Notice only that it works only after user received a header in HTTPS.

Install HTTP Strict Transport Security

We'll try to install HSTS in Apache web server. As we saw previously, to implement it, we need just to add new header in every response send by the server. To accomplish that in Apache, we have to add this directive into host's configuration file :

LoadModule headers_module modules/mod_headers.so
<VirtualHost *:443>
      # Use HTTP Strict Transport Security to force client to use secure connections only
      Header always set Strict-Transport-Security "max-age=120; includeSubDomains"
</VirtualHost>
The HSTS can be applied only to HTTPS virtual hosts. The headers send over HTTP are ignored. According to the HSTS reference, if you're testing HSTS with self-signed certificate, for example generated by OpenSSL, this configuration won't work without supplementary operations. To make it work, you must create SSL Certificate Authority and install Root Certificate in your browser (for example in Chromium's "Manage certificates"). You can follow given steps to do that with a short explanation before everyone:
# 1) Create private root key
bartosz@bartosz-K70ID:~$ sudo openssl genrsa -out /home/bartosz/ssl/key/rootCA.key 2048

# 2) Self sign private root key
bartosz@bartosz-K70ID:~$ sudo openssl req -x509 -new -nodes -key /home/bartosz/ssl/key/rootCA.key -days 1024 -out /home/bartosz/ssl/certificate/rootCA.pem
You are about to be asked to enter information that will be incorporated
into your certificate request.
What you are about to enter is what is called a Distinguished Name or a DN.
...
Next you must put this configuration into HTTPS virtualhost of your website:
SSLEngine on
SSLCertificateFile /home/bartosz/ssl/certificate/rootCA.pem
SSLCertificateKeyFile /home/bartosz/ssl/key/rootCA.key
And the final thing to do is to add generated rootCA.pem certificate into authorities known by your browser. For Chromium you can put this chrome://settings/certificates into your address bar, click on "Authorities" tab and import created rootCA.pem file. After this setup, we can pass to install HSTS. The HSTS configuration takes two parameters, max-age and includeSubDomains. The first one determines the length (in seconds) in which the browser will store this entry in HSTS registry. If we put 0 instead of positive number, the browser will cease to treat the hosts as known HSTS and will allow the insecure connections. In our case, the entry will be cached for 2 minutes (120 seconds). The includeSubDomains directive marks if a HSTS entry should concern domain and subdomains. Its absence signifies that browser will regard only the main domain. If it's specified, the subdomains will be taken in consideration too. Now we understand how to install HSTS. So, let's try it into our localhost domain. Start by typing localhost into location bar in your browser. The Strict-Transport-Security is present but the site is available in HTTP. Yes, it's normal. HSTS policy applies only if you visit the website over HTTPS. At this moment STS response header is valid for the browser and only at this moment, the browser can register new the HSTS entry. So, for see HSTS working, we need to start the test by accessing https://localhost and, after that, http://localhost. If your certificate is correctly interpreted by browser, localhost should be added into domains managed by HSTS (chrome://net-internals/#hsts in Chromium) and all http:// tries should redirect to https:// version. Keep your redirects An important point is that HSTS only works after the user has received the header via HTTPS. So you will still need to have a redirect from your HTTP-site to HTTPS, also for supporting browsers that still do not understand HSTS. This is easily accomplished using Apache’s mod_rewrite:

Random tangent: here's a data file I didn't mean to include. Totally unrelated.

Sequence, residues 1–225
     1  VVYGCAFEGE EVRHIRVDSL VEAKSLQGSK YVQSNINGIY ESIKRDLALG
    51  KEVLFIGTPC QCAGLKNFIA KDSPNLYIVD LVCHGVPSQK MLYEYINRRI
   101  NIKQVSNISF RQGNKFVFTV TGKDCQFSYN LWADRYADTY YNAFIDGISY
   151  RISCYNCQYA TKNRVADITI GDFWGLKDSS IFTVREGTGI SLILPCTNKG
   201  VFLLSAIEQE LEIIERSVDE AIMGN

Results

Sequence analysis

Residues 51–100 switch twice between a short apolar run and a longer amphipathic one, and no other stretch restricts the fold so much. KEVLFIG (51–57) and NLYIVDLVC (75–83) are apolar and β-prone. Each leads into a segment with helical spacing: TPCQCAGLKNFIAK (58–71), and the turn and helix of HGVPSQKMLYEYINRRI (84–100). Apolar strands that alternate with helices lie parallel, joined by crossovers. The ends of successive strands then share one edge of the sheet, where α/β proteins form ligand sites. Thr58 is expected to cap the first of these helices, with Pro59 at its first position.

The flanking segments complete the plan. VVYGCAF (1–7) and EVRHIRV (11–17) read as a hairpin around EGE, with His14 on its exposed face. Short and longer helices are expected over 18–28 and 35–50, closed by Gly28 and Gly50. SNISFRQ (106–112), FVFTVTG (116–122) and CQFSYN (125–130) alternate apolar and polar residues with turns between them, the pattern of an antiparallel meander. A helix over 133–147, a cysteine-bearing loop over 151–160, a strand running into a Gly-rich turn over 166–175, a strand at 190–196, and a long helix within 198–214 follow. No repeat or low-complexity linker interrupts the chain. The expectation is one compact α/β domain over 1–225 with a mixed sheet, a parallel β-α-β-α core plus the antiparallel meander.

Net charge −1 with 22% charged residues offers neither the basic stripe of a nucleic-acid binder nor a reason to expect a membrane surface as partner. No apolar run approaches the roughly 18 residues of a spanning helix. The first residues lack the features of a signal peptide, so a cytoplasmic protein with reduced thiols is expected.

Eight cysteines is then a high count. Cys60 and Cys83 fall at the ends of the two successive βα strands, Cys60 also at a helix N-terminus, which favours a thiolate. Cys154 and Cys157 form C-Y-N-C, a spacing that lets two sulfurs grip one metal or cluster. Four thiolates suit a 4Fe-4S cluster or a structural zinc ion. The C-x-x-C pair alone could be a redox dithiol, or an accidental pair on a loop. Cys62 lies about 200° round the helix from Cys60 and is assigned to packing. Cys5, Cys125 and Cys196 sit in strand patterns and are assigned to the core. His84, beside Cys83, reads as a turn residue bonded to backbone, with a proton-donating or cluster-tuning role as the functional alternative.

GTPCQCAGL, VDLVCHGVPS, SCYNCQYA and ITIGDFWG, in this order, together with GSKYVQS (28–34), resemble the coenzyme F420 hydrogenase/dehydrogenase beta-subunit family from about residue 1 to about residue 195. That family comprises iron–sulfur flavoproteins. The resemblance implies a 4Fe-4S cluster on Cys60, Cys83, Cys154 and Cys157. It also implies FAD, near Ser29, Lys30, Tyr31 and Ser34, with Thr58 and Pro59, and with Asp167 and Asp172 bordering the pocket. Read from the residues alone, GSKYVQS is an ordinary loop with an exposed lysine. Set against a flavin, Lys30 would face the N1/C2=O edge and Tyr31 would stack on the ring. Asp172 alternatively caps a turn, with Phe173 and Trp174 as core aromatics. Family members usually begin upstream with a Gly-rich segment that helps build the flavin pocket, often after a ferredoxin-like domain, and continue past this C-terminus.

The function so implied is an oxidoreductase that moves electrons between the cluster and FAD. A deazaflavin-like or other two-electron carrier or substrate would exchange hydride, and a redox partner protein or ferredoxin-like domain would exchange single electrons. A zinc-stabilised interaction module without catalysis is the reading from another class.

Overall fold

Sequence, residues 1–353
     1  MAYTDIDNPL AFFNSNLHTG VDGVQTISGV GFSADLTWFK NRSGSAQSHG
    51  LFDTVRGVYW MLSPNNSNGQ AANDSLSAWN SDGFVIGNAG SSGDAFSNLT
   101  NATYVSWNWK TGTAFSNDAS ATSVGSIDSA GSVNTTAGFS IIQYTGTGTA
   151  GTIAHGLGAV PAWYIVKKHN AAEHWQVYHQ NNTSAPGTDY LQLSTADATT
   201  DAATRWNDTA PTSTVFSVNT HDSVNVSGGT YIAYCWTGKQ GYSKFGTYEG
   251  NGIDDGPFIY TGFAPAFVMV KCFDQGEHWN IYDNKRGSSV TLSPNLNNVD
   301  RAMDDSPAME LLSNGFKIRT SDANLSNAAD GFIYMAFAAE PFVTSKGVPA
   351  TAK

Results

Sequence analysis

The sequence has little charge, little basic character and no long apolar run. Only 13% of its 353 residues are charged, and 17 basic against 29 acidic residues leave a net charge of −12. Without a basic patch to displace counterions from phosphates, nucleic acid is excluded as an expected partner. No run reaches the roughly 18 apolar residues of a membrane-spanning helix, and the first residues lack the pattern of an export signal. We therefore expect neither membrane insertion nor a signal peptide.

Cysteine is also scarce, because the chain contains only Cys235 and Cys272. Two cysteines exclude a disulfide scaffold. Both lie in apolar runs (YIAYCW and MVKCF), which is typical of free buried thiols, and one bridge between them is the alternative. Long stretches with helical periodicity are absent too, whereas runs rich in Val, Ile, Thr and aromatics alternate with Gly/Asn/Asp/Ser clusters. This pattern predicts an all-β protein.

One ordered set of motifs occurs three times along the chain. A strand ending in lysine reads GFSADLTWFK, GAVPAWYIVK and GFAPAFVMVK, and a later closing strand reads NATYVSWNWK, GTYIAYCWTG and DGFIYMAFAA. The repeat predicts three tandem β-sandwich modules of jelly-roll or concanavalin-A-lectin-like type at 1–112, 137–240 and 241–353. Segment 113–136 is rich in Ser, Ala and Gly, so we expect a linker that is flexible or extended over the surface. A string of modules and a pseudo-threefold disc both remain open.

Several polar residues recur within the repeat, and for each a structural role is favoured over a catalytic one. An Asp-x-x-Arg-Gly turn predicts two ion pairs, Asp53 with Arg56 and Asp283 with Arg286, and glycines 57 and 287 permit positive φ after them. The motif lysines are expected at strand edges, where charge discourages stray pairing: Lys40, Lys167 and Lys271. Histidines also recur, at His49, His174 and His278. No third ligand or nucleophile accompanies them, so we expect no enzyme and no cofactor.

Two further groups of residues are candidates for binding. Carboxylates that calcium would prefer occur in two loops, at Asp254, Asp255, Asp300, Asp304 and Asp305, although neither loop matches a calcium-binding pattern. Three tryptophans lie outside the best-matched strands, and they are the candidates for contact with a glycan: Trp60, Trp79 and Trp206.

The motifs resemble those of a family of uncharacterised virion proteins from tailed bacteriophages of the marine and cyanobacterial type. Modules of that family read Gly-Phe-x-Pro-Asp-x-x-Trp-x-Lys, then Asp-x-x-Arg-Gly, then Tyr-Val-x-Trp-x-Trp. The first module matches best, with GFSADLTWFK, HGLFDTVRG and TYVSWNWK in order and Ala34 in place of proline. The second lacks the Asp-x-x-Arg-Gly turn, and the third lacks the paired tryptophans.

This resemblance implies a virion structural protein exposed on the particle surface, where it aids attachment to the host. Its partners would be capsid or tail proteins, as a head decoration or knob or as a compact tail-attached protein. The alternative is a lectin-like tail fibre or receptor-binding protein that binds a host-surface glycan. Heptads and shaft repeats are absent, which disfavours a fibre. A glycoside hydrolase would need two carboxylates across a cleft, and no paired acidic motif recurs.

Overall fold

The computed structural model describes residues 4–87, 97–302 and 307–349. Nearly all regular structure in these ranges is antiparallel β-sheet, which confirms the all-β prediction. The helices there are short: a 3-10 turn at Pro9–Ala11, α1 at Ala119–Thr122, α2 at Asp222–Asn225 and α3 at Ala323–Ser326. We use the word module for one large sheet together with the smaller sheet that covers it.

<IfModule mod_rewrite.c>
  RewriteEngine On
  RewriteCond %{HTTPS} off
  RewriteRule (.*) https://%{HTTP_HOST}%{REQUEST_URI}
</IfModule>
Thus, with a few lines of configuration, you can make the web a safer place to be for your users. HSTS is a supplementary method for basic security through standard redirections.

If you liked it, you should read: Mixed content security danger